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China’s ban on foreign waste

The United Kingdom, United States, Japan, Australia and other western countries were faced with growing piles of recyclables and no place to put them. Similar buildups have been reported in Canada, Ireland, Germany and several other European nations, while tons of rubbish is piling up in port cities like Hong Kong.

This is a result of China’s ban on foreign waste. For many years, these countries have relied on China to process and reuse waste products like plastic, textiles, and mixed papers. China had been processing at least half of the world’s exports of waste paper, metals and used plastic – 7.3 million tons in 2016, according to recent industry date.

Plastic waste is particularly lucrative. In 2016 alone, Chinese manufacturers imported 7.3 million metric tons of recovered plastic from the US – waste is the sixth-largest US export to China – and other countries. Once in China, bales of plastic waste are trucked off to reprocessing facilities and turned into pellets for manufacturing. China has accepted the materials to make new products like bins or other items.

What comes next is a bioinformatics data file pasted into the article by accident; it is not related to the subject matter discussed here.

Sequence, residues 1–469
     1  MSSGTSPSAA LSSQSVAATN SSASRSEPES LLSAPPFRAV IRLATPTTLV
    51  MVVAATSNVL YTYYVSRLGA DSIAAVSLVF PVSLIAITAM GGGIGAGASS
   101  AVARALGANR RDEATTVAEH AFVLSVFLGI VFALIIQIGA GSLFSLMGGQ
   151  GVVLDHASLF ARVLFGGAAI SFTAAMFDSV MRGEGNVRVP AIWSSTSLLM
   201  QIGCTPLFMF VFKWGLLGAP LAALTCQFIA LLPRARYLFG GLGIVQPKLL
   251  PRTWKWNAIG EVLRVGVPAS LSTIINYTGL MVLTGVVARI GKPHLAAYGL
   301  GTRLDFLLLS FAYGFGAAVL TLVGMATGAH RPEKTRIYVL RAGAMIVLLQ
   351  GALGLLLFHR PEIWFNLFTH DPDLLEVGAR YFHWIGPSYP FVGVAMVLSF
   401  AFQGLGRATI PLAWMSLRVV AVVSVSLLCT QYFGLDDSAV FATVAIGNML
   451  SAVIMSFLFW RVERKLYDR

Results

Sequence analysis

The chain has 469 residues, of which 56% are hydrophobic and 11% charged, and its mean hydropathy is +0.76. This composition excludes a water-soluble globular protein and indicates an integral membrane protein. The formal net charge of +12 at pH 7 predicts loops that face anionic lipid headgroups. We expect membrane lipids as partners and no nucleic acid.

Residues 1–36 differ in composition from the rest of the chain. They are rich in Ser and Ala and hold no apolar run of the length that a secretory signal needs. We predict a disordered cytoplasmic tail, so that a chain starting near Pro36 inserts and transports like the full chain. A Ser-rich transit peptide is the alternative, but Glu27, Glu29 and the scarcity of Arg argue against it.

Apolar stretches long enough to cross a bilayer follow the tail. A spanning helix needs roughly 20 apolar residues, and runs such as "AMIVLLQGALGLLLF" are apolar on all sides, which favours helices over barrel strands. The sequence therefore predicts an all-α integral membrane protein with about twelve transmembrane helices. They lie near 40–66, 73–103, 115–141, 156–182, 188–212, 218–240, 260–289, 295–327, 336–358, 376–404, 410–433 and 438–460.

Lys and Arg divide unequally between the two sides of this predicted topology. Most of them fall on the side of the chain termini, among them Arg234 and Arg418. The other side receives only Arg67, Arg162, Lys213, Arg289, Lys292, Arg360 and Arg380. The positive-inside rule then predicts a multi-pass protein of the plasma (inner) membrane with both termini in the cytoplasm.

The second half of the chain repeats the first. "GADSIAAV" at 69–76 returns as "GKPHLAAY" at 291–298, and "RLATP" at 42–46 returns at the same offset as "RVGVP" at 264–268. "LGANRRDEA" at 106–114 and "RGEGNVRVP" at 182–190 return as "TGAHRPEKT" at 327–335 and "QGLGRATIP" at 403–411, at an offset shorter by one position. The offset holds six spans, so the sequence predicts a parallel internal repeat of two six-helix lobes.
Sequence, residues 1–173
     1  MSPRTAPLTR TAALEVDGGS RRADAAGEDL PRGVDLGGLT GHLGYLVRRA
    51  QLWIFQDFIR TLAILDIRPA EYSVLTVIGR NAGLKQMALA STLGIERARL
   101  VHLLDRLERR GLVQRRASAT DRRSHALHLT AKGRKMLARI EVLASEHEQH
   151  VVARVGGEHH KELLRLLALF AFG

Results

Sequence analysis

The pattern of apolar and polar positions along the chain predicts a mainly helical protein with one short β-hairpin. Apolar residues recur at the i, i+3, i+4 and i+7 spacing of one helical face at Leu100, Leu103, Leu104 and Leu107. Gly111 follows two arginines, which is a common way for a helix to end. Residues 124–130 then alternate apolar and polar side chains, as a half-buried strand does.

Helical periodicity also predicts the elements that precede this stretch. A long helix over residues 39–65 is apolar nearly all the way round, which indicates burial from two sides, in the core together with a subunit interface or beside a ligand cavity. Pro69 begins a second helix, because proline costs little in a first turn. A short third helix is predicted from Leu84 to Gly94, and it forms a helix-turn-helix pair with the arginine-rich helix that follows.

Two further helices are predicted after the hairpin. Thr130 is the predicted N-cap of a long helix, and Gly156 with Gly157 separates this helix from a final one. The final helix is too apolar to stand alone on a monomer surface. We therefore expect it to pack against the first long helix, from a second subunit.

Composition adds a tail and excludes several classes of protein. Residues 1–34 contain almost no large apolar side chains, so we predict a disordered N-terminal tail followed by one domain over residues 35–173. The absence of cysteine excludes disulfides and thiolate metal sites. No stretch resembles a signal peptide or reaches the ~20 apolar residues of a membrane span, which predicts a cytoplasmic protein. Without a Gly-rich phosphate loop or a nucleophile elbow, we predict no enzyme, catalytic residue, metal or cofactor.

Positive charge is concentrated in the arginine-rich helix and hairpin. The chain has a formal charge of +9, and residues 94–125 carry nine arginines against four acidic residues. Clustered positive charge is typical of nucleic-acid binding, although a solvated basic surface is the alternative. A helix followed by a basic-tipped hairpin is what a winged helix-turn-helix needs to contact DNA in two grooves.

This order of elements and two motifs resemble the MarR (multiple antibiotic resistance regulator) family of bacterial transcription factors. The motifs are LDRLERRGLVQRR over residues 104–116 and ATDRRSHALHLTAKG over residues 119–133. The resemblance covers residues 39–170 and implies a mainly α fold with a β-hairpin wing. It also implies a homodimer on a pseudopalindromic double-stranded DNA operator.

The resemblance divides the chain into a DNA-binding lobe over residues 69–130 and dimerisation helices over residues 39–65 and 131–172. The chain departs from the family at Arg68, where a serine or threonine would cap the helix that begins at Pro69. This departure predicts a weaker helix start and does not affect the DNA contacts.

Last year, China announced that from January 1 it would no longer import certain waste products from overseas due to contamination con­cerns. The ban extends to various recyclables including several plastics such as PET and PVC, certain textiles and mixed waste paper. Also in April, China banned another 32 types of solid waste – including stainless steel scraps, compressed car scraps and ship scraps. Sixteen of them will go into effect at the end of this year, and the other half at the end of 2019.

The sudden move has left Western countries scrambling to deal with a buildup of plastic and paper garbage while looking for new markets for the waste, hoping to export waste to countries like Indonesia, India, Vietnam, Malaysia, or anywhere they can.

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